In Pakistan, only about 22.5 percent of women are involved in economic activity, as compared to 67.8 percent of the men. This is one of the lowest rates of participation of the female labor force in the region, second only to Afghanistan.

The work that women do in terms of material resources and time spent is usually unpaid or underpaid. In a majority of the sectors, both inside and outside the home, the work of women is not recognized; and if it is recognized, then it is not paid; and if it is paid, then it is underpaid. This is why a large part of the female population of Pakistan faces economic exploitation, which results in an imbalance of power between one half of the population and the other.

This asymmetry in power results in various different injustices. Women are unable to make any decisions regarding their futures. They are neither consulted nor considered when decisions are made, from major legislation bills in court to simple decisions inside the home. The absence of a proper education system, coupled with retrogressive customs preventing girls’ education, also play a major role in the financial abuse that women and girls face from a young age.  The custom of marrying off minor girls to settle disputes or as bargaining commodities is just one of the various manipulative ways women and girls exploited due to their inability to support themselves.

Economic exploitation has a very close connection with sexual exploitation.     

Girls and women who are married off at a young age find themselves under pressure to conceive, most times against their will and when they are ill-prepared for the responsibility. They are also held responsible if the child is a girl, leading them to face further victimization at the hands of their in-laws and family members.  In many cases, they are forced to undergo abortion.

Financial control is a major weapon in the fight against women’s bodily autonomy. During the time of Nikkah (marriage), the woman’s right to demand divorce is irrevocably crossed out; so is her right to demand Haq Mahar (money/property, etc that is gifted to the bride at the time of her wedding). Women are forced to forego their properties to their brothers or male relatives and are not consulted with regards to property matters. Many societies also do not allow women to rent properties on their name.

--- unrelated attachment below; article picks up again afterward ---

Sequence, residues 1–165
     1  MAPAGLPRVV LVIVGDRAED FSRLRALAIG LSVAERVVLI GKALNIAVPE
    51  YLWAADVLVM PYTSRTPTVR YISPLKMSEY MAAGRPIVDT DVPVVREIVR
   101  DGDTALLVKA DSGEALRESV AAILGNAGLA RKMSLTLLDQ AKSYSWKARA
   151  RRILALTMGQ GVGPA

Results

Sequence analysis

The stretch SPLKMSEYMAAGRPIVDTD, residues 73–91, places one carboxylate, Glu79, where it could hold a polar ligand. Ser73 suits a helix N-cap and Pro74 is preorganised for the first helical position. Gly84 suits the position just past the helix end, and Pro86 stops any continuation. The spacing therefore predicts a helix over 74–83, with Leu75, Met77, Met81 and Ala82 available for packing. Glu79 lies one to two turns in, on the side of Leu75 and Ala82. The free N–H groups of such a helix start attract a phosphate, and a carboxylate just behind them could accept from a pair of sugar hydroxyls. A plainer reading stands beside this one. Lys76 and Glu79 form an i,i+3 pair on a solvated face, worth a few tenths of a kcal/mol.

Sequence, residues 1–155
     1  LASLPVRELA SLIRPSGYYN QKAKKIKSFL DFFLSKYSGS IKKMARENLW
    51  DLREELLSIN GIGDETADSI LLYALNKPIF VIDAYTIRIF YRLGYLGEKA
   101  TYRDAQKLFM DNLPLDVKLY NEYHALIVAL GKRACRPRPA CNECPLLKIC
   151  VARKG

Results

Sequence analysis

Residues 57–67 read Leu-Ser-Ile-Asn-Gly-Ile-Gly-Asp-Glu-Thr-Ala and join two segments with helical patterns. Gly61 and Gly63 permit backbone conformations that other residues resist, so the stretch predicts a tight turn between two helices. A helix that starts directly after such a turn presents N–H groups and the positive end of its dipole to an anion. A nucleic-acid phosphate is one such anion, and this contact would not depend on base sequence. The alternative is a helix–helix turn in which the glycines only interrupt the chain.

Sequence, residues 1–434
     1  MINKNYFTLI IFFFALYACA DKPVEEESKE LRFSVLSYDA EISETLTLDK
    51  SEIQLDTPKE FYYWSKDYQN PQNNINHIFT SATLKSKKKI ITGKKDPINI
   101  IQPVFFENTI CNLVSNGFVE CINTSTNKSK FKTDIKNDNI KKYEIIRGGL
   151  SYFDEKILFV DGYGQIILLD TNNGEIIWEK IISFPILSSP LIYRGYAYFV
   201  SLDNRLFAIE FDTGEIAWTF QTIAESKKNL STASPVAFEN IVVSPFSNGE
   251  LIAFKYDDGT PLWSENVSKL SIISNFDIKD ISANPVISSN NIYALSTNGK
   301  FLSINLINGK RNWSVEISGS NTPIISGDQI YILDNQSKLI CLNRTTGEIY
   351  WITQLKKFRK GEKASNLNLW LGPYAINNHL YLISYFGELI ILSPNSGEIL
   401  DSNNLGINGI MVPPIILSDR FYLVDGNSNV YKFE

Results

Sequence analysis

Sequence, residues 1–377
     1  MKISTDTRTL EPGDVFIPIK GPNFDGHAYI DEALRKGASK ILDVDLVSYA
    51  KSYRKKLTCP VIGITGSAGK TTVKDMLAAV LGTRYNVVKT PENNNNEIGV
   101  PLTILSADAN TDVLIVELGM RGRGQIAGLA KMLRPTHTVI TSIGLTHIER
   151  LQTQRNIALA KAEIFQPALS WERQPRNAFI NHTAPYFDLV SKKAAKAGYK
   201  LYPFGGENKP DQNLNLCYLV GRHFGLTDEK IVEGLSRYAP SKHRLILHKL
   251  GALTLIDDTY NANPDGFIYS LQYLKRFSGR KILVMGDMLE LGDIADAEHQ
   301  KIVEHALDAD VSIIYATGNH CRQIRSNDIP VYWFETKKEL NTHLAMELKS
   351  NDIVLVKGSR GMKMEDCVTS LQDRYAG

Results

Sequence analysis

Without the future stability that financial independence brings, many girls and women find themselves unable to escape the serfdom that such familial hierarchies and marriages encompass. Due to self-entitled ownership many men – and society in general – feel over women, women and girls are seen more as commodities rather than individuals with the right to financial freedom, the right to choose and the right to say “No”, among other things.

Due to the social and cultural taboos with regards to financial independence, women themselves do not regard what they do as work; be it in the cotton-picking fields or inside the home. The female workforce is both underestimated and manipulated, in large part because the economy is greatly subsidized by one half of the population. If the women would unanimously stop working for just one day in any one city in Pakistan, be they inside the homes or in offices or worker’s fields, that city would come to a complete standstill.

Financial abuse is a strong weapon used by many patriarchal households in Pakistan, that can eventually set the stage for domestic and sexual violence and abuse. 

A large portion of the female workforce in Pakistan is unable to use their own hard earned money, because they man, being the head of the house, takes full control of it. By airbrushing out the large contributions that women give to our society, the massive violations of women’s rights that take place inside the economy and society can be concealed. Many married working women are unable to spend their earnings, because their husband and in-laws forcibly take control of the money they earn. Women who do not earn and are dependent on their husband’s generosity, face a different kind of victimization, where their husbands do not give them enough money to pay for household expenses.

A woman who has no financial independence, who has to depend on her male relatives for support, is vulnerable to all kinds exploitation, violence and abuse.

At TABAAN, we work to help women become self-sufficient; so that they can become financially independent and support both themselves and their children, if need be.